Thursday, June 17, 2010

Camas Bloom

Nature Conservancy volunteer Ken Miracle sent these photos from his recent outing to the Camas Prairie and Centennial Marsh, located along Highway 20 near Fairfield.
The camas are in full bloom now, cloaking wet meadows in light blue. These beautiful meadows were also appreciated by the Lewis and Clark expedition in 1804; Meriwether Lewis described said one such meadow “resembles lakes of fine clear water.”

But the camas was more than a pretty flower for Lewis and Clark. They learned from American Indian tribes why camas bulbs were an important staple.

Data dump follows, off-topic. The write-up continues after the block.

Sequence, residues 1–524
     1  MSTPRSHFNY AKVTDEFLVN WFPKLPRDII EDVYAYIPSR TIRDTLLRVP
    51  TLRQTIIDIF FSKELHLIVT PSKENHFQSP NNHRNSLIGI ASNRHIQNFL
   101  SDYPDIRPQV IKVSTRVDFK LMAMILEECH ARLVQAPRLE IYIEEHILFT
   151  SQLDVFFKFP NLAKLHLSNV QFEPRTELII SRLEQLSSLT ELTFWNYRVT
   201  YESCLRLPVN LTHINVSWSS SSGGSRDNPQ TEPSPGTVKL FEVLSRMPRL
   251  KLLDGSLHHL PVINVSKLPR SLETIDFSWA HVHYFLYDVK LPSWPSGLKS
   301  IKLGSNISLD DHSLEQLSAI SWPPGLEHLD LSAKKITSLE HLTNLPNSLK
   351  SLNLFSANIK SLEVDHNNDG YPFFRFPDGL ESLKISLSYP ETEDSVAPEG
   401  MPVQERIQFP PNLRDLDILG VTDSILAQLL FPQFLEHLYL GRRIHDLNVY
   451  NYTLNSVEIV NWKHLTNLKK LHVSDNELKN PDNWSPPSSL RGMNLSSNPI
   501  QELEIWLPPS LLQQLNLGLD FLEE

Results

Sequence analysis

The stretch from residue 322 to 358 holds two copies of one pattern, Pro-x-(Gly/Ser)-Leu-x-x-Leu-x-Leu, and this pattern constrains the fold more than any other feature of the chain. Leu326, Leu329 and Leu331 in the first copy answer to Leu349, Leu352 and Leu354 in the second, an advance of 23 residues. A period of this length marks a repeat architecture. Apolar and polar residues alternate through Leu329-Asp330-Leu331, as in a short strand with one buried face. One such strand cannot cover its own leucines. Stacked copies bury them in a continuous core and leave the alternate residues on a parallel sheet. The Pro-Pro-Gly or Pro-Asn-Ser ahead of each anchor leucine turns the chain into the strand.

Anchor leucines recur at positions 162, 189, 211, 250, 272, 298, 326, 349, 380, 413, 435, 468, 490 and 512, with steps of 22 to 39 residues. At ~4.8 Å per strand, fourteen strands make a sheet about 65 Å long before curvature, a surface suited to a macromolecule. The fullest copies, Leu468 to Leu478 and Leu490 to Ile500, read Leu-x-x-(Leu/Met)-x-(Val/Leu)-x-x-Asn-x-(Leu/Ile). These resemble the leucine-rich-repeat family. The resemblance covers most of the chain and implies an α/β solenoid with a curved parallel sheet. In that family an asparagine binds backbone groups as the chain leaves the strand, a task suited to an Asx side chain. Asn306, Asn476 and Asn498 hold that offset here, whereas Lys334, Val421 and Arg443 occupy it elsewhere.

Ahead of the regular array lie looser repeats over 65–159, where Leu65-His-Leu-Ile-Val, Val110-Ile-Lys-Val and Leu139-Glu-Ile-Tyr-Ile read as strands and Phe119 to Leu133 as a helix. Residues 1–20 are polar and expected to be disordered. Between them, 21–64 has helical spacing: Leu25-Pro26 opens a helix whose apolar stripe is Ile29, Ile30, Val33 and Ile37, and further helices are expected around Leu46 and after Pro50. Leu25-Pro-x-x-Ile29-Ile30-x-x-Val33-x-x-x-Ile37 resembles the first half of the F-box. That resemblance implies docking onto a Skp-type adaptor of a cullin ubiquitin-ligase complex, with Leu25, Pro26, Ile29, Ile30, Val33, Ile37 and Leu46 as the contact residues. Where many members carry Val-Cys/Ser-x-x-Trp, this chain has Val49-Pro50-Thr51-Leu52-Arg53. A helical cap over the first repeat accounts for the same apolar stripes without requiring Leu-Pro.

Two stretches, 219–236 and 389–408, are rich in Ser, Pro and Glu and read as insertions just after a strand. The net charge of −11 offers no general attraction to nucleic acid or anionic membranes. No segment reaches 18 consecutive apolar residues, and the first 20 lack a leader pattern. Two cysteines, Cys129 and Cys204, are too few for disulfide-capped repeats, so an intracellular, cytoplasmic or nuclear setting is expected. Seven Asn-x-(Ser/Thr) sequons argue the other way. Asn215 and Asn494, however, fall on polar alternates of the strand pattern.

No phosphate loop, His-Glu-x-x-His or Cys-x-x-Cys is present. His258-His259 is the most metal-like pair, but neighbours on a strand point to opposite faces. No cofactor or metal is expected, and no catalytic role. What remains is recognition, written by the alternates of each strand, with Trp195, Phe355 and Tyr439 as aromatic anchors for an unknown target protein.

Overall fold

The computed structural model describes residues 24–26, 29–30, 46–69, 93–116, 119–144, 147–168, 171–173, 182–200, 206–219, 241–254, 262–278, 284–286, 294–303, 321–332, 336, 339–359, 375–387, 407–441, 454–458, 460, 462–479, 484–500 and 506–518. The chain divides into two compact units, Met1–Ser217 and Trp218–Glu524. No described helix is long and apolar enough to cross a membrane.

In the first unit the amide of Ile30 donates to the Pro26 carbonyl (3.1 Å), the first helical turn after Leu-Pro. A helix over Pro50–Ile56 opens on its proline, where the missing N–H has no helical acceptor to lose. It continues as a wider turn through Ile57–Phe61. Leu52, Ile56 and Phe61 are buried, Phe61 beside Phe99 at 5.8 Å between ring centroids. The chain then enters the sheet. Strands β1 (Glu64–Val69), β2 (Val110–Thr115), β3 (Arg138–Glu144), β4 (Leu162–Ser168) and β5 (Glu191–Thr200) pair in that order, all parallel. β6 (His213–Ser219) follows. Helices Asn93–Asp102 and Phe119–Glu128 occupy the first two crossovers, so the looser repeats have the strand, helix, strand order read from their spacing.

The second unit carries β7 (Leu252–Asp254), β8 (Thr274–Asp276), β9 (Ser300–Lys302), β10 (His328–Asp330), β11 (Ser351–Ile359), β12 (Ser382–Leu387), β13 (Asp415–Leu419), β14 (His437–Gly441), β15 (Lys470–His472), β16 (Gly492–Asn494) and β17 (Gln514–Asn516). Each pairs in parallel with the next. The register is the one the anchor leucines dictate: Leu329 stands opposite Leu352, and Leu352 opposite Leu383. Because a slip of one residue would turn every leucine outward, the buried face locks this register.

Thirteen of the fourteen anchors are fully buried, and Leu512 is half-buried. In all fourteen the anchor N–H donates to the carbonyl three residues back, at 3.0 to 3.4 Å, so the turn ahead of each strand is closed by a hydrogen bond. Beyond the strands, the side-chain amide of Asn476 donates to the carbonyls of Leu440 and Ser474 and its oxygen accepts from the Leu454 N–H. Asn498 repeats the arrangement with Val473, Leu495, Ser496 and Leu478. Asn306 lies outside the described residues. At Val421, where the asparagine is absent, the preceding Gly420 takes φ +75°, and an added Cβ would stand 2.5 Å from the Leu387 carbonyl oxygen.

The bulbs were roasted in earthen ovens, and dried into cakes that could be eaten throughout the winter. Some tribes even cultivated camas. You can still ocassionally sample camas today, often at events like Camas Lily Days in Fairfield. A great place to check out the camas bloom is the Centennial Marsh, an area The Nature Conservancy helped protect that is today a wildlife management area owned by the Idaho Department of Fish and Game.
The Centennial Marsh is also a fantastic place for birding, especially during moist years. The marsh and surrounding areas contain large numbers of nesting waterfowl, shorebirds, sandhill cranes and raptors.

Ken Miracle photographed the avocet (above) and northern shoveler (below) last weekend.
The flowers are peaking, so check out the Camas Prairie this weekend for a "birds and blooms" outing.

1 comment:

Bill S. said...

Beautiful pictures. I love the Camas flowers. They are stunning and I am sure the Native Americans were happy to see them every spring.